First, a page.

Nuclear Attack

Surviving a Nuclear Attack

Not since the 1960s has the subject of surviving a nuclear attack been seriously reconsidered, as the cold war ended, deescalated some say, or changed gears to a more civilized warfare. However, the world has endured political upheaval in the recent years. Men of questionable mental stability have either seized or manipulated the system in order to gain power. Words like empathy, logic, reality seem foreign to many of these despots which control life ending destructive powers.

Many will read this far and dismiss this article as fake news, political nonsense or whatever key phrase is fashionable, alternative facts, to misdirect people from seeing the dangers that are looming. Political article? No. But the facts are in our current world everything is political, which is the intent. Take facts out of the equation and insert emotions, tribalism, my team and the world can be shaped any way they want.

No, this is not a political statement! It is instead a brief lesson on how to hide something in plain sight. Create a situation that is so extreme, so catastrophically unimaginable that people will refuse to see what’s staring them in the face. Consider this a warning, a call in the wilderness, a plea for sanity, but if it fails, then we must deal with the consequences. How to survive a nuclear attack. There is another question scholars have posed concerning a nuclear holocaust … “Do you want to survive?”

What actually happens

The events can be basically broken down into four major categories: instantaneous, near-immediate, short-term and long term effects.

Instantaneous: The area of direct hit reaches a temperature of several million degrees centigrade which will result in vaporizing all human tissue. The only signs of humans at Hiroshima, who were caught out in the open, was the shadows of vaporized people burnt into stone.


Total Destruction

Near-immediate: People inside buildings will fare no better. They will be either killed by the force of the blast, the heat of the blast or the collapse and instantaneous bursting into flames of all materials. Thousands of individual fires will combine producing a fire storm which will completely consume all oxygen. The heat will rise drawing in air from the ground level, which will produce hurricane force winds and intense fires as fresh oxygen is drawn into the fire ball. People in underground shelters will survive the initial blast, but the heat flash will suck all the oxygen out the atmosphere thus killing those people.

Outside: As you move outside the radius of total destruction you will begin to see survivors, if that’s what you want to call them. These people will have incurred fatal burns, will be blind, will be bleeding profusely from shrapnel, and will massive internal injuries. Many will be buried under collapsed and burning buildings. The International Red Cross has stated there is no international plan in place to deliver humanitarian assistance to survivors of a nuclear attack. 99% of these effected people will also die. Do visions of hell arise?

Short Term: Survivors of the blast, but subject to high radioactive fallout, may wish they had not survived. They will experience hair loss, their gums and mouth will openly bleed while simultaneously suffering from internal bleeding. They will incur hemorrhagic diarrhea, vomiting, fever, delirium and finally fall into a terminal coma. There is no medical treatment and the survivor will die within a couple of days.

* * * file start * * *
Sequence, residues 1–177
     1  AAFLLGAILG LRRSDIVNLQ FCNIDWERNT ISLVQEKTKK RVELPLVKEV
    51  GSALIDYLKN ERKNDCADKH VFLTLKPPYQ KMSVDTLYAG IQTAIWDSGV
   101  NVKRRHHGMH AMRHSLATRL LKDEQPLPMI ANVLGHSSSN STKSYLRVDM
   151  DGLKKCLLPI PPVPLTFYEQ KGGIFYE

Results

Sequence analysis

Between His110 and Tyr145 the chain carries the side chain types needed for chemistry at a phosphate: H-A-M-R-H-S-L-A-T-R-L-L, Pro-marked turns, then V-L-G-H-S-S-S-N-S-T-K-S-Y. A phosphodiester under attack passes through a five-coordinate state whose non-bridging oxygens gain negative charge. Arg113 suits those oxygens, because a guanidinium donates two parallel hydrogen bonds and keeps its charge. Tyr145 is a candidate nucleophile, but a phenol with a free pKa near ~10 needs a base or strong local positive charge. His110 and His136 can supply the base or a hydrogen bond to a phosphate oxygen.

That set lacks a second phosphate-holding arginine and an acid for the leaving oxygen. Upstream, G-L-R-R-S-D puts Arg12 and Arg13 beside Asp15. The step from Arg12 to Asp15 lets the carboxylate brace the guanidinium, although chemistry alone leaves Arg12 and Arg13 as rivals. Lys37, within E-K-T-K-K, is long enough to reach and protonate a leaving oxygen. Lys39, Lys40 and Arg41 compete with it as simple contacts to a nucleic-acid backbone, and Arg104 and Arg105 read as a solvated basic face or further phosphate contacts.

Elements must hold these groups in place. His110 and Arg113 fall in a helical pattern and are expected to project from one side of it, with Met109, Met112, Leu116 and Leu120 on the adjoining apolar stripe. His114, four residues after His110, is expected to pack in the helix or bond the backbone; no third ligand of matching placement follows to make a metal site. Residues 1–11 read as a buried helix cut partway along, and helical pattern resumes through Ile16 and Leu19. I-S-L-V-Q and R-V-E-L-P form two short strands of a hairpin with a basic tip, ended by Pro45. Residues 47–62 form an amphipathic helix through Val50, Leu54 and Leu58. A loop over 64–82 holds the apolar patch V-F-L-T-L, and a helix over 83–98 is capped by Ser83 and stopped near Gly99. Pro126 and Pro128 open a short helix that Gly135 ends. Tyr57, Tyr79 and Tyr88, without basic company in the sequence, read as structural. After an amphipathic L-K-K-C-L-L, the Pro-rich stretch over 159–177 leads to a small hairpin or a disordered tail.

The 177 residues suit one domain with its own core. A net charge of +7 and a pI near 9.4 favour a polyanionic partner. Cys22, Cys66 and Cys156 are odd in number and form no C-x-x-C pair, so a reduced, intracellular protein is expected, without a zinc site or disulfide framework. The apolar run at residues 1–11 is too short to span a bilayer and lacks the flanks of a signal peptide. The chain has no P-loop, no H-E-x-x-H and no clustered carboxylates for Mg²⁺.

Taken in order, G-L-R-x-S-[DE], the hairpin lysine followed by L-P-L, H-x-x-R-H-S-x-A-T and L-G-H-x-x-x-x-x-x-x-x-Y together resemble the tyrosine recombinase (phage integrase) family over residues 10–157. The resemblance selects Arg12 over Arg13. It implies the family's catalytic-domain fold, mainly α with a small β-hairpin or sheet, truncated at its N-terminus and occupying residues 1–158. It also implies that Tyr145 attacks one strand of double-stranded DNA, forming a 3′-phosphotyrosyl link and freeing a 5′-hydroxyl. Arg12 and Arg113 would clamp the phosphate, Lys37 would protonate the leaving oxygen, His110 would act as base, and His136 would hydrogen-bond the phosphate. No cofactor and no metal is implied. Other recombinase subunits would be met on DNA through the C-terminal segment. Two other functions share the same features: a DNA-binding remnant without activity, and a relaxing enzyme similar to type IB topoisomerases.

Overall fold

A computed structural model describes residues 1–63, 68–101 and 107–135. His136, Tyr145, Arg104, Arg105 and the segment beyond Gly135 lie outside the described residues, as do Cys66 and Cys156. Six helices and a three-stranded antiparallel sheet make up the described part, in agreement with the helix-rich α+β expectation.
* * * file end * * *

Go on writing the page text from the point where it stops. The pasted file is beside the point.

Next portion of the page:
Long Term: Some results can only be hypothesized, but cancers of all types will skyrocket from radiation exposure and weakened immune systems. Research shows that as much as five million tons of soot could be produced by fires created by numerous nuclear explosions, which would cool the atmosphere having an overwhelming impact on food production. Billions, in all countries, would starve to death.

What Next?

If you are not in the immediate kill zone, but still close enough to view the explosion, do not stare at the light flash, it’ll result in blindness similar to staring into the sun. Keep your mouth wide open to insure your eardrums don’t burst from the pressure you’ll experience. Don’t take chances, take cover to prevent being injured or killed by flying debris. If you are in a shelter stay put for at least 48 to 72 hours before attempting to venture outside. We’ll discuss materials you’ll need in order to survive that stay shortly.


Barring being in a nuclear fallout shelter, the key to surviving, after the initial blast, is to get as far away from the fallout area as possible, as quickly as possible. Depending on the type of bomb, you will have 10 to 20 minutes to escape the immediate radiation fallout. The initial downpour of radiation falls straight down from the mushroom cloud, approximately a mile from the blast zone. However, within 24 hours, possibly sooner, lethal radiation will begin spreading with prevailing winds.

Let’s assume you don’t really know where the bomb hit. Before you begin your evacuation scan the horizon. To the left you see horribly mangled structures or no structures at all, but to the right there’s less destruction. You know to head toward the less destruction as it’s the direction away from the initial blast zone. As you move keep as much of your skin, mouth and nose covered as possible. The first chance you have discard your clothes and take a long shower to remove any contamination.

What Is Fallout? Maybe Not What You Think